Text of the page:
A lifelong Wallingford resident, Whitehouse graduated from Lyman Hall in 1977. He's back working as a manufacturing engineer in town.

He and his wife Sharon has three grown children — Jon, Jim and Andy — and four grandchildren. Jim and Andy live in Wallingford; Tim lives in Salem in eastern Connecticut.

While Whitehouse was ill, Sharon was his only connection to the outside world. Due to the pandemic, he was allowed one visitor a day for one hour, and it was always her.

Occasionally, he was able to see other family members through “window visits.” They would talk on cell phones.

“It was difficult,” Whitehouse said. “I had my family there and they could see that I was living and breathing.”

Sharon Whitehouse said it’s been a trying seven months for the family.

“It’s been hard, but the support of everyone has made it so much easier,” she said. “Gaylord always made sure I knew what to do if he came home with a wheelchair or a walker. No matter the situation, they made sure I could handle him.

“He’s improved amazingly,” Sharon added. “The first time I got to see him when he was released he was sitting in a wheelchair. Then I saw him eating and being able to eat and able to move his hand to his mouth with his food. It’s a lot. I was just so happy to see him.”

Prior to November, Whitehouse had never spent a night in a hospital.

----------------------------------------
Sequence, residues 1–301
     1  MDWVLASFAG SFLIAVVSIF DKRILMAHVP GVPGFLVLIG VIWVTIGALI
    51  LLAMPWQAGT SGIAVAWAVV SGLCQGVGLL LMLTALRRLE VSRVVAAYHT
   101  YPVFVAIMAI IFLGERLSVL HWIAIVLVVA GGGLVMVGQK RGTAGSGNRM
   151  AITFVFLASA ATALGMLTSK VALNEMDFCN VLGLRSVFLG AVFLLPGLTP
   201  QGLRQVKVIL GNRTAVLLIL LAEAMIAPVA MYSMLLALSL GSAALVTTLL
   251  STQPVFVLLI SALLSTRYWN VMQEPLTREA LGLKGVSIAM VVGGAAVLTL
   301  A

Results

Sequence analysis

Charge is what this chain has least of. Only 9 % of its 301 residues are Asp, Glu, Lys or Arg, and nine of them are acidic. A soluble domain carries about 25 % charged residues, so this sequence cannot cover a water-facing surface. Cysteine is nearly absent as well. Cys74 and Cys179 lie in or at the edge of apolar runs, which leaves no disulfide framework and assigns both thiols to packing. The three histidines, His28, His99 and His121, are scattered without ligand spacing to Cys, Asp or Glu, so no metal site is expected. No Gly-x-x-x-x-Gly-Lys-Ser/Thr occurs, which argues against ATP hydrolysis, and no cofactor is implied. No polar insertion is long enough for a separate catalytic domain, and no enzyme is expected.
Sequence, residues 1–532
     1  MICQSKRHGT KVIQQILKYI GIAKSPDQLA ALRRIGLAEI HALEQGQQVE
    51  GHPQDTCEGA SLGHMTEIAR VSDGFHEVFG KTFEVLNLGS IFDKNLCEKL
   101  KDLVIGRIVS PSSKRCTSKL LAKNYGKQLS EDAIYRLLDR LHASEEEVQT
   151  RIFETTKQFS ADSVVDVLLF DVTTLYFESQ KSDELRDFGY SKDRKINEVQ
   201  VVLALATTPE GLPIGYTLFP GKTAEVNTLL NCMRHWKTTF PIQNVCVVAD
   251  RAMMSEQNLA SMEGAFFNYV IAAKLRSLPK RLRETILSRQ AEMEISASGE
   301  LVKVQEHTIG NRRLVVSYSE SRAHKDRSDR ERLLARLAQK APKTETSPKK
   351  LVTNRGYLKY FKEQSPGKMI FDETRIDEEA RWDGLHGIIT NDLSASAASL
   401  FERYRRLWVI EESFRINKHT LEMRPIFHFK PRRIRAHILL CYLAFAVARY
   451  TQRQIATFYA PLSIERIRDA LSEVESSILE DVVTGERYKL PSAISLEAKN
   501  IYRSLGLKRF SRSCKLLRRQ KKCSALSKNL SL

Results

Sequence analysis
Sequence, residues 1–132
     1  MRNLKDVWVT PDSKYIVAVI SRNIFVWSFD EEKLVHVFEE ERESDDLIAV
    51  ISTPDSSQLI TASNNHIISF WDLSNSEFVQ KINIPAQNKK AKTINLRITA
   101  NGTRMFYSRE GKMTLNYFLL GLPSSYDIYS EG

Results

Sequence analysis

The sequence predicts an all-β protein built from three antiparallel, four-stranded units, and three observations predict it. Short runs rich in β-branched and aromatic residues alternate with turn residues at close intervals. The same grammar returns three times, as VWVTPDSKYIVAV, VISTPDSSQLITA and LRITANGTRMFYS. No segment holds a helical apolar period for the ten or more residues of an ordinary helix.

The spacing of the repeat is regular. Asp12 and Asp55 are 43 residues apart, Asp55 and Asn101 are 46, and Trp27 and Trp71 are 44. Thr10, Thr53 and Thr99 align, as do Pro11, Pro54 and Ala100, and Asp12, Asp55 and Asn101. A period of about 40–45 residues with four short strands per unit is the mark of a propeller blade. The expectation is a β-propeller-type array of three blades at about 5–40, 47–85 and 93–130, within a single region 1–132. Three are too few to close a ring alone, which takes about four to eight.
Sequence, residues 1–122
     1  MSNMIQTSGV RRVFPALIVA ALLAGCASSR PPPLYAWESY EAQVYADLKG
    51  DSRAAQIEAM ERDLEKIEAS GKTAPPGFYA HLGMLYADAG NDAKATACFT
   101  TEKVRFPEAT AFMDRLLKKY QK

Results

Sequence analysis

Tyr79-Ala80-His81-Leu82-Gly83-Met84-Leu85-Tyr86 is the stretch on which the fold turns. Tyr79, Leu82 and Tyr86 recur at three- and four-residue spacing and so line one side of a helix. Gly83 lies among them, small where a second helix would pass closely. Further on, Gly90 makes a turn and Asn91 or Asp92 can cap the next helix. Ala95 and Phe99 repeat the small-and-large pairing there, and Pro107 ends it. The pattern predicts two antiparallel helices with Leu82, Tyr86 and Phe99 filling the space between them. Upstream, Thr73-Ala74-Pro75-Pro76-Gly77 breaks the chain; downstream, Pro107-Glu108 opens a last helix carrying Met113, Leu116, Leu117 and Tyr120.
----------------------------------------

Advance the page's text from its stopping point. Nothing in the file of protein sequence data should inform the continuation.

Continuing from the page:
The episode was mentally stressful. Whitehouse said he had to overcome some “mental difficulties” from the trauma. He said he was able to resolved many of those issues at Gaylord. 

“It’s almost a miracle that I'm able to do this Gauntlet," Whitehouse said. “Seven months ago, I was literally paralyzed, and now I’m going to be running a little over three miles with obstacles. I'm in better shape than I have been in any time of my life.

“It’s a wonderful thing and I’m really looking forward to it. I went through a lot of obstacles and I was able to overcome them. I hope that my story can help other people as well.”

As a featured athlete, Whitehouse will be assisted by staff and family. Several members of Whitehouse's family will be participating in the Gauntlet. Others, like Sharon, will be just watching.

“She was so important to my recovery that I can't describe it,” Whitehouse said. “She was the only one I had contact with. She would help feed me and she took over all of the responsibilities at home. Her mother lives with us and she cared for both of us at the same time.

“When I got out in January, I needed a lot of help. She made sure I got around the house safely and helped me with daily things. I had just barely gotten those skills back at that point. She did an outstanding job being there for me with a positive attitude.”

Joly said Whitehouse is a genuine, down-to-earth honest person.

“He has great awareness of his abilities and capabilities,” Joly said. “He’s up for the challenge. He likes to push himself. He’s driven, motivated and determined, and that’s what you need to do a race like this.

“It’s challenging for everyone,” Joly added. “There are more than 20 obstacles and athletes will be going over logs and climbing over cargo nets. We’re all excited for him. He’s going to do great.”

Whitehouse mentioned outpaitent therapists Leigh Riley and Kaitlin Donohue. For his inpatient care, he singled out Stephanie McNeil and C.J. Connors.

Whitehouse will be competing at the 10 a.m wave on Saturday morning with plenty of support from his therapist, family and friends.

Visit gaylord.org/sports for more information. Gaylord Sports is the beneficiary of the Gauntlet, which is expected to raise $25,000.